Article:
Environmental protests are back—on the North Shore and on the edge of False Creek

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      As this is being written, two B.C. environmental activists are standing on a grounded barge on the shore of False Creek.

      Tzeporah Berman, a York University adjunct professor of environmental studies, and SFU health sciences professor emeritus Tim Takaro climbed onto it to draw attention to the Trans Mountain Pipeline Expansion Project. If completed, it will dramatically increase oil-tanker traffic in the Salish Sea.

      “On the heels of the latest IPCC report and the devastating federal approval of Bay du Nord, the barge is yet another clear example of government lies,” Berman, also international programs director with Stand.earth, said from on top of the barge.

      “The federal government and the oil industry want us to believe that a dramatic increase in oil tankers right through Vancouver’s harbour is safe, yet they couldn’t even stop this barge from crashing and they haven’t even  figured out how to remove it?" she continued. "What if this had been an oil spill?  It doesn’t exactly inspire confidence.”

      Takaro said that a major spill would require the evacuation of between 24,500 and 105,000 people, as well as increasing cancer risks for anyone exposed.

      “A spill of diluted bitumen in Burrard Inlet could be catastrophic for public health and everyone who depends upon these waters for work and pleasure, food, and culture,” Takaro said.

      Their action comes after a series of protests this week by Save Old Growth, which employs peaceful civil disobedience to try to force the NDP government to halt logging of ancient trees.

      Today, Save Old Growth said that 21 people have been arrested at its protests blocking traffic on the North Shore and other parts of B.C.  

      “We’re only going to keep escalating. We really don’t want to be doing this, but we are not going anywhere," Julia Torgerson, a 24-year-old spokesperson for the group, said in a news release. "Humans don't lie around and let their governments kill them, which is what they’re doing with inaction on the emergency. We’re in civil resistance.”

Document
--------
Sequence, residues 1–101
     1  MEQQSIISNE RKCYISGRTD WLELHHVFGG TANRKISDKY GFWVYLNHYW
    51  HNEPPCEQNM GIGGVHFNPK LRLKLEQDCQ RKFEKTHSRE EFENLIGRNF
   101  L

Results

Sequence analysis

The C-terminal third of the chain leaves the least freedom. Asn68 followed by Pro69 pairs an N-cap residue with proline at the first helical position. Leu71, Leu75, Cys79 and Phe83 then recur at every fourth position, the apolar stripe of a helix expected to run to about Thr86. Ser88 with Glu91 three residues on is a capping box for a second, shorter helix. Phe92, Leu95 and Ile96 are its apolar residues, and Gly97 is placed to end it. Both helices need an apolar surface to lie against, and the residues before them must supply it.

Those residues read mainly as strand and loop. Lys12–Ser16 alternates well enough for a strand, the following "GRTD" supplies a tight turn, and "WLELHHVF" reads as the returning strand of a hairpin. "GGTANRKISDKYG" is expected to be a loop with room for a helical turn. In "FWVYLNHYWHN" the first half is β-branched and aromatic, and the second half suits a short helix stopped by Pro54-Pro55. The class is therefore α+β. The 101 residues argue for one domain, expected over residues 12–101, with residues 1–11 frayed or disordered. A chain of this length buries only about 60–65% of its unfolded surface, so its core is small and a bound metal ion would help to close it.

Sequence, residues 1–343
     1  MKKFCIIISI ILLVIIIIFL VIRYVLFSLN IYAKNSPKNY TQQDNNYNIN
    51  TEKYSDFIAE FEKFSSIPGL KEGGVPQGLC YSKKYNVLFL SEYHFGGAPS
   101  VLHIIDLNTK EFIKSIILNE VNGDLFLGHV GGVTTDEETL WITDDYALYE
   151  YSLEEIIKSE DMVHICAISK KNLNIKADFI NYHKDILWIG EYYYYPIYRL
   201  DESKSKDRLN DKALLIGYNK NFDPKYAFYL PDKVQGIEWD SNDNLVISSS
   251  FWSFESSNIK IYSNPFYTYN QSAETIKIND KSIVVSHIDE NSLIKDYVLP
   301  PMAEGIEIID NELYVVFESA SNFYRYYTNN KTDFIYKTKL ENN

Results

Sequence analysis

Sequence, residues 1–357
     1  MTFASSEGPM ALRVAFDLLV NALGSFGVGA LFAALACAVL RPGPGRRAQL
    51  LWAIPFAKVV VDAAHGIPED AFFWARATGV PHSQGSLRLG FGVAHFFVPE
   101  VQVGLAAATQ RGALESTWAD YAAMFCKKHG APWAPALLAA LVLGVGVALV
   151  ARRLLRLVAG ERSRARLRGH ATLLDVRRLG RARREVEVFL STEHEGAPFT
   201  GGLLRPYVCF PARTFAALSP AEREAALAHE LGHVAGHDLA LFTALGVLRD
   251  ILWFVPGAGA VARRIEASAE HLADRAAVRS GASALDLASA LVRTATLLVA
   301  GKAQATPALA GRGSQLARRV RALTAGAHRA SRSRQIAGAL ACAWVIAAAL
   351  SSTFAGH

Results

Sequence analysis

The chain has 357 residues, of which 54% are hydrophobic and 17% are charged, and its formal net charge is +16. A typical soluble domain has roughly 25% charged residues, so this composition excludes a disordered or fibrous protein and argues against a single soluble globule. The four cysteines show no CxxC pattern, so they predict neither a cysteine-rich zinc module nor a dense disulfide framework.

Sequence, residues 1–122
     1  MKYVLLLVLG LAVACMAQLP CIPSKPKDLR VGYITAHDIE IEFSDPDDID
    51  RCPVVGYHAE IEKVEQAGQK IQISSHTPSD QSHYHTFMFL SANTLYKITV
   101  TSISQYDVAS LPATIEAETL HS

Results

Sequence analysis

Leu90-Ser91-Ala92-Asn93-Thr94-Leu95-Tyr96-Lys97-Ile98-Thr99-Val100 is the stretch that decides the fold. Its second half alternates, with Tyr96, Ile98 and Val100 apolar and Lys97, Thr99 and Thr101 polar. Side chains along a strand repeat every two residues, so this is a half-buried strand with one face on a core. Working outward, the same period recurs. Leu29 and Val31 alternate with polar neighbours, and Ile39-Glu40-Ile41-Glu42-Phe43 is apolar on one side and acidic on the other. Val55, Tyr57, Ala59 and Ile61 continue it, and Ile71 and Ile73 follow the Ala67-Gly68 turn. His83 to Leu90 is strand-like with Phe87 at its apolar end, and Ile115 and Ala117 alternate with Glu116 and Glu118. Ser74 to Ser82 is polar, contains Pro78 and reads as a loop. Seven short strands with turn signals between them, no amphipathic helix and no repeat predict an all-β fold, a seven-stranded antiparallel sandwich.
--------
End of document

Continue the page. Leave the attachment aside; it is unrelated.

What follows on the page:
Traffic tie-ups like this have become regular events this week on the North Shore.
      Save Old Growth

      One of those with Save Old Growth, Brent Eichler, has not eaten for 15 days. Another activist, Howard Breen, has not eaten for eight days.

      Their request for a meeting with Forest, Lands, Natural Operations and Rural Development Minister Katrine Conroy has not been granted.

      "The message we are currently hearing from the government is PLEASE DIE QUIETLY, DIE OBEDIENTLY," Eichler and Breen wrote in a March 14 letter cabinet ministers, MLAs, and the premier. "We can't do that. Our invitation is open. All we want is respectful dialogue in a public meeting."

      Brent Eichler has gone 15 days without food to try to protect old-growth forests in B.C.
      Save Old Growth

      Eichler plans to be at the NDP caucus meeting today (April 8) at 5 p.m. at the Croatian Cultural Centre.

      "I don’t want to grow old knowing that we allowed the last great old growth forests in B.C. to be destroyed," Eichler said. "I don’t want to grow old knowing I didn’t try to do something. We have taken so much from nature. It is time to take a little less. It is time to leave something for future generations. I am waiting by the phone Katrine Conroy. I will buy lunch.”